October 28, 2023

Music neural network redux

My code is now here. I’ve changed some things since last time, but the model is mostly the same. The most significant changes are:

  1. I now have an embedding for each token’s position in its chord, in addition to the pitch and duration. (A “chord” is a group of notes that start simultaneously, along with the subsequent “time passage” token.)

  2. The first block can only attend to the last few tokens. So it’s strictly local attention.

  3. I got rid of most of the musical relative position encodings. I don’t think they made a big difference after all.

  4. The model now has three connected stacks of transformer blocks: a stack for predicting pitches, a stack for predicting time steps, and a shared stack that feeds into the other two. Before, the model was more like a pipeline. Now it has a “branch” in the middle.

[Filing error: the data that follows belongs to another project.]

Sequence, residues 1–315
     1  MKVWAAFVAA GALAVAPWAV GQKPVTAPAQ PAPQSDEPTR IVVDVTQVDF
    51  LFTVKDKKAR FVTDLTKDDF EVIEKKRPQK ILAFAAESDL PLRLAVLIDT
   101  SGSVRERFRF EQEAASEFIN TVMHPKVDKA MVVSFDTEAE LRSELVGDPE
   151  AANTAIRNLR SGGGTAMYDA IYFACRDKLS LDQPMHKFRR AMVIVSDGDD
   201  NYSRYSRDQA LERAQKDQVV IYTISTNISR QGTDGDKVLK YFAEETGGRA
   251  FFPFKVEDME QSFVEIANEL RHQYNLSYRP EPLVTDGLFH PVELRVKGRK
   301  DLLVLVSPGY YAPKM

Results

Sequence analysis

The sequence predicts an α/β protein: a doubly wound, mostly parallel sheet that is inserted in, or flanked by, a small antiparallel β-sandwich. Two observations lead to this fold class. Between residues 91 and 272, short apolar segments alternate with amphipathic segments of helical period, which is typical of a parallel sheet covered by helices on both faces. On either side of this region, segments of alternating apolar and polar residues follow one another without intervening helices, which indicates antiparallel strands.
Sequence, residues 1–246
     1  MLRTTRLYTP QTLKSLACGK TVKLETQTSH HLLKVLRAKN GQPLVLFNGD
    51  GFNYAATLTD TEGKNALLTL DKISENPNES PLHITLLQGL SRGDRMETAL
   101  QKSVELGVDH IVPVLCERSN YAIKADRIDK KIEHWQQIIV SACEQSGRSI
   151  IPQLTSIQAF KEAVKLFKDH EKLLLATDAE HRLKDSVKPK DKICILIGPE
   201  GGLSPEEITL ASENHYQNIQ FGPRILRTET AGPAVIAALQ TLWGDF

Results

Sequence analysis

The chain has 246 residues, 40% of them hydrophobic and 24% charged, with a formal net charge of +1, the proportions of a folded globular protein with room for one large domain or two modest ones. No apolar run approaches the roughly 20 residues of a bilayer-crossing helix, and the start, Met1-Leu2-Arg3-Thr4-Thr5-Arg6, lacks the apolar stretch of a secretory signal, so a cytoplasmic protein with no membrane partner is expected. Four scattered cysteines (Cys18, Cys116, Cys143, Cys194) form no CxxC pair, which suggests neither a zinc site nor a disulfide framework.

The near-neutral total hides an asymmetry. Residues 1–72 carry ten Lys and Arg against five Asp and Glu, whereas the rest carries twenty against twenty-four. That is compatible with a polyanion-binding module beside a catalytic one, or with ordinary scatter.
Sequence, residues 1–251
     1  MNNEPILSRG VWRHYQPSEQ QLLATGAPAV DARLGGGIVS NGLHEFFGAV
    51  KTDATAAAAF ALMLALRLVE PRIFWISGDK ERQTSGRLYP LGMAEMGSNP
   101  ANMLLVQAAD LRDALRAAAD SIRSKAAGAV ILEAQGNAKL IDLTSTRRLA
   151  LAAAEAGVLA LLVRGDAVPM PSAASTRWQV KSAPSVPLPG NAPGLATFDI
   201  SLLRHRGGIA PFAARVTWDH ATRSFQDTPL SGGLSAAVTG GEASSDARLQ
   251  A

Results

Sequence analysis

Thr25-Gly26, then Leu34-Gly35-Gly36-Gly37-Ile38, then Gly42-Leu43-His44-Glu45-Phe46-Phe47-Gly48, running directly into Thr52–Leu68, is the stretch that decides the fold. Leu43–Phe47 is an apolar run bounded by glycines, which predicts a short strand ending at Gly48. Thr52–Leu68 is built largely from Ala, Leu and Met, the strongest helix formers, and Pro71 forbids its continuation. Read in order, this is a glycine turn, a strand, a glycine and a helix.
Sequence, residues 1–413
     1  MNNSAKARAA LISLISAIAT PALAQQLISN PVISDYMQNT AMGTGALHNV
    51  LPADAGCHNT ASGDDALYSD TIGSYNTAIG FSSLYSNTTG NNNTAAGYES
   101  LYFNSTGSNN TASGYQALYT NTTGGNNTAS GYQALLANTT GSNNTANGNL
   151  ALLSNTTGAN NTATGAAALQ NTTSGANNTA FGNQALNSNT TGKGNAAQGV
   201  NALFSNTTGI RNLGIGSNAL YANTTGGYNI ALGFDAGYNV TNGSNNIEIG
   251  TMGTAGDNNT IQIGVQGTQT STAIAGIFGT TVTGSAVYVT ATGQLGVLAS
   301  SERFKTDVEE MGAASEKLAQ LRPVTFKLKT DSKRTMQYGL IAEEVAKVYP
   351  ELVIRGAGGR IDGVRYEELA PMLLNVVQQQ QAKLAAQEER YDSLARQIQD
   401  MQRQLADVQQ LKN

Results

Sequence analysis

5. The stack that predicts the next time step now uses cross attention. I find this more elegant than my previous method, which was a concatenation followed by a linear map and then some standard self-attention blocks.

  6. I use a shared rotary position encoding in all but the first transformer block. I rolled my own implementation that uses xPos.

  7. I use drophead. I don’t know if this helps; I just found the idea appealing.

And, of course, I have more training data now, but not as much as I’d like. It’s awfully hard to find high-quality MIDIs. And I’ve found it important to check the output of my translation process to make sure it doesn’t mess anything up.

Training and validation loss while training the model.

Future plans

I’m not keen on scaling up the model at this point. So the obvious thing to try is RLHF. I haven’t started trying to build a reward model yet, so that’s the next step.